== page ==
Content » Vol 43, Issue 7

Case report

Novel application of lower body positive-pressure in the rehabilitation of an individual with multiple lower extremity fractures

Judit Takacs, BSc1, Jeff R. S. Leiter, PhD1,2,3 and Jason D. Peeler, PhD, CAT(C)1,3

From the 1Department of Human Anatomy and Cell Science, 2Department of Surgery, University of Manitoba,
Winnipeg, Manitoba, and 3Pan Am Clinic, Winnipeg, Manitoba, Canada

OBJECTIVE: Lower extremity fractures, if not treated appropriately, can increase the risk of morbidity. Partial weight-bearing after surgical repair is recommended; however, current methods of partial weight-bearing may cause excessive loads through the lower extremity. A new rehabilitation tool that uses lower body positive-pressure is described, that may allow partial weight-bearing while preventing excessive loads, thereby improving functional outcomes.

METHODS: A patient with multiple lower extremity fractures underwent a 6-month rehabilitation programme using bodyweight support technology 3 times per week, post-surgery.

RESULTS: The patient experienced a reduction in pain and an improvement in ankle range of motion (p = 0.002), walking speed (p > 0.05) and physical function (p = 0.004), as assessed by the Foot and Ankle Module of the American Academy of Orthopaedic Surgeons Lower Limb Outcomes Assessment Instrument. Training did not appear to affect fracture healing, as was evident on radiograph. The effect of lower body positive-pressure on effusion, which has not previously been reported in the literature, was also investigated. No significant difference in effusion of the foot and ankle when using lower body positive-pressure was found.

CONCLUSION: Initial results suggest that this new technology may be a useful rehabilitation tool that allows partial weight-bearing during the treatment of lower extremity injuries.

Key words: fracture healing; weight-bearing; pain; case reports.

J Rehabil Med 2011; 00: 00–00

Correspondence address: Jason D. Peeler, Department of Human Anatomy and Cell Science, Faculty of Medicine, University of Manitoba, 102-745 Bannatyne Avenue Winnipeg, MB, R3E 0J9, Canada. E-mail:


Lower extremity fracture rehabilitation is important to reduce the risk of morbidity. Fractures, in particular those below the knee, have a strong impact on functional recovery (1, 2), and optimizing the rehabilitation of these fractures can significantly improve patient quality of life. Partial weight-bearing, along with active range of motion exercises, have been recommended for various surgically repaired lower extremity fractures (2–6). However, current methods of partial weight-bearing, such as crutches and canes, may not adequately reduce lower extremity loads, and require the modification of gait patterns. Research has shown that patients with lower extremity fractures consistently bear loads much greater than recommended when ambulating under partial weight-bearing conditions (6). This excessive amount of loading can increase the risk of fracture complications and morbidity (6). A new technology has been developed to support the rehabilitation of ambulation through bodyweight unloading. This tool may help to optimize functional recovery in patients with lower extremity fractures by allowing weight-bearing at reduced loads. Bodyweight unloading may also reduce pain in patients with lower extremity fractures; the presence of pain has been correlated with worse functional outcomes (7). This report describes the use of this emerging technology in the rehabilitation of an individual with multiple lower extremity fractures.


The patient was a 42-year-old man with multiple lower extremity fractures. The patient had an avulsion fracture of the right medial malleolus, comminuted fracture of the left talus, and fractures of the left proximal and distal tibia and fibula due to a mountain climbing accident. He was airlifted and initially treated at a local hospital, before being transferred to a regional trauma centre. At the regional trauma centre he underwent open reduction internal fixation of the talus fracture, but developed stiffness in his left hindfoot, varus deformity and a loss of dorsiflexion to 0º. In addition, he developed medial knee pain along the joint line of the left leg. After surgery, the patient attended physical therapy and progressed from a wheelchair to a cane with a significantly asymmetrical gait. The patient experienced pain and little functional improvement with therapy and the traditional treadmill walking programme could not provide enough remediation to compensate for the patient’s lower extremity dysfunction. Six months after the trauma, the traditional physical therapy walking programme results were deemed unsatisfactory and he started our partial weight-bearing rehabilitation programme. This study was approved by the local health research ethics board, and written approval was provided by the participant.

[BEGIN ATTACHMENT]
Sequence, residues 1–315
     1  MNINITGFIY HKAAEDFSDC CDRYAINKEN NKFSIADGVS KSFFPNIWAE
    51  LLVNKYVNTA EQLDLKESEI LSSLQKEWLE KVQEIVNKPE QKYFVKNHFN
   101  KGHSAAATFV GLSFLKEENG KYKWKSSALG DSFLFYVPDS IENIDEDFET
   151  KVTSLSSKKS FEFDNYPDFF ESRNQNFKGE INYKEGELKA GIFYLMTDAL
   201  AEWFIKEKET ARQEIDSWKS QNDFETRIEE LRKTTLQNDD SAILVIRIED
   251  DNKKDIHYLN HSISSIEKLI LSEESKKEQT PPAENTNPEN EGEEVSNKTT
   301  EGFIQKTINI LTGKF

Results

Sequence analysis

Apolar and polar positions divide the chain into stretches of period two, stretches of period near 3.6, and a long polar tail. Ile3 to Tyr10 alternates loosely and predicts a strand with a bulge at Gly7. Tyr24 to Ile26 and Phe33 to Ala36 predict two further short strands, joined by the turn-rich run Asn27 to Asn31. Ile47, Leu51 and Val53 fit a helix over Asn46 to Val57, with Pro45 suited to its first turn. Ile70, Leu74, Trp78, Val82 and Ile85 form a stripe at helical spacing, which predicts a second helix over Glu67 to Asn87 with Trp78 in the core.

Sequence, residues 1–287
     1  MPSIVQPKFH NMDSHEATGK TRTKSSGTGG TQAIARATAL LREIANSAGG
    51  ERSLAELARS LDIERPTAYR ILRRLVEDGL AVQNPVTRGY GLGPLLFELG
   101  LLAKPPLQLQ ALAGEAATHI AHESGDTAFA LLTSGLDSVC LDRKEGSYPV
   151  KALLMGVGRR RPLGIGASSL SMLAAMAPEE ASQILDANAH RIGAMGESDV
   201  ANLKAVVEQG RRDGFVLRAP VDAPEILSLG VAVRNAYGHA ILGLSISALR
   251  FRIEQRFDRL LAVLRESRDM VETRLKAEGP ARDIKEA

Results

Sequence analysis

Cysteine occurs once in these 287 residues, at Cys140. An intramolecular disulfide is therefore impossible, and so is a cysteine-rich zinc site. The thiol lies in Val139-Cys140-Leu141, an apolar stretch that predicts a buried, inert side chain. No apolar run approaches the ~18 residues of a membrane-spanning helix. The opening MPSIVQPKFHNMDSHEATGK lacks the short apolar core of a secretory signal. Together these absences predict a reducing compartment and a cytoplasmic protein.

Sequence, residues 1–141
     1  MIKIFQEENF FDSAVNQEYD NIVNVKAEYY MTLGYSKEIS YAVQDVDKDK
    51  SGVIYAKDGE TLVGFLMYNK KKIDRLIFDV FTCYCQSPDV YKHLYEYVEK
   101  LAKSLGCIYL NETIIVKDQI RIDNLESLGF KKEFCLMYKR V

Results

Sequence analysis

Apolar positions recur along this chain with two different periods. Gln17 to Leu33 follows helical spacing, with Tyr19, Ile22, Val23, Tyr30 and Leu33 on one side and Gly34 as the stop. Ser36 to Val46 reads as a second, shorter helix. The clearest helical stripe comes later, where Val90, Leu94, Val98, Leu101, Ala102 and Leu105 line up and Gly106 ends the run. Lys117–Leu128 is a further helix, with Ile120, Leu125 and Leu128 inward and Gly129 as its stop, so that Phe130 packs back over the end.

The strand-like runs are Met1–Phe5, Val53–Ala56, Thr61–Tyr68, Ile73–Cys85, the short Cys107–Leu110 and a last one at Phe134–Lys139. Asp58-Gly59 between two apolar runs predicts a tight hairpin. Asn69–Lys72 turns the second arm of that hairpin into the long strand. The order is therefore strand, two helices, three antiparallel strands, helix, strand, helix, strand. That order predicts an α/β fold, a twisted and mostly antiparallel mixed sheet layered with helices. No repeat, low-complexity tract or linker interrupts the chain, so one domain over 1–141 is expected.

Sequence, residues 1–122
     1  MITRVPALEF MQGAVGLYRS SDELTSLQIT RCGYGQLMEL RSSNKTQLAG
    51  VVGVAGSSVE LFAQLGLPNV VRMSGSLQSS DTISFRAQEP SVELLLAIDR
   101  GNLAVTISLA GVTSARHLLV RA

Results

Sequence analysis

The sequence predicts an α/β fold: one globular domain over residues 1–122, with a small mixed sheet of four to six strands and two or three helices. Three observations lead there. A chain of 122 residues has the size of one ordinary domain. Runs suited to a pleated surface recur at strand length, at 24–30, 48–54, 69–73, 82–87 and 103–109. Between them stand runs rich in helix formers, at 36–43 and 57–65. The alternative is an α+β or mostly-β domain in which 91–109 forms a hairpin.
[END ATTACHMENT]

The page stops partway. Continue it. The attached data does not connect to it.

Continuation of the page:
The patient was scheduled for 3 × 20-min treadmill walking sessions per week (on Monday, Wednesday and Friday) for 6 months. He completed a total of 48 treatment sessions on the G-trainer (Alter-G, Menlo Park, CA, USA; Fig. 1), a novel rehabilitation device. The device utilizes a treadmill contained in a waist-high air-tight chamber, and small increases in chamber air pressure to produce a lower body positive-pressure (LBPP) that creates a lifting force approximately at the person’s centre of mass (8, 9). Biomechanical research has demonstrated that LBPP can be used to significantly reduce ground reaction forces at the knee joint in a normal healthy population, while maintaining typical patterns of muscle activation, joint motion, and cardiovascular function during walking and running (10, 11). The G-Trainer is believed to be superior to other methods of un-weighting that have been used previously by researchers to study gait mechanics of at-risk or pathology-specific populations (such as treadmill walking using an upper body harness or aquatic-based exercise), because it is the first known device that offers an ability to study un-weighted exercise in a user-friendly, kinematically correct manner (9). Through the use of the LBPP technology, the G-Trainer can create a lifting force of up to 80% of a user’s bodyweight, providing a 4 kg reduction in joint load for every 1 kg of un-weighting (12). By avoiding the use of bulky and cumbersome “lifting” equipment, and facilitating the study of gait in an air medium, the G-Trainer can accurately mimic lower body kinetics (unlike in a water medium) (9). While this exercise equipment is currently more expensive than a regular treadmill and less widely available (see for more information), it may be useful in studying the biomechanical and physiological impact of a range of pathological conditions that impair lower extremity function and reduce functional autonomy, including multiple lower limb fractures, as seen in our patient.


Fig. 1. The G-trainer anti-gravity treadmill.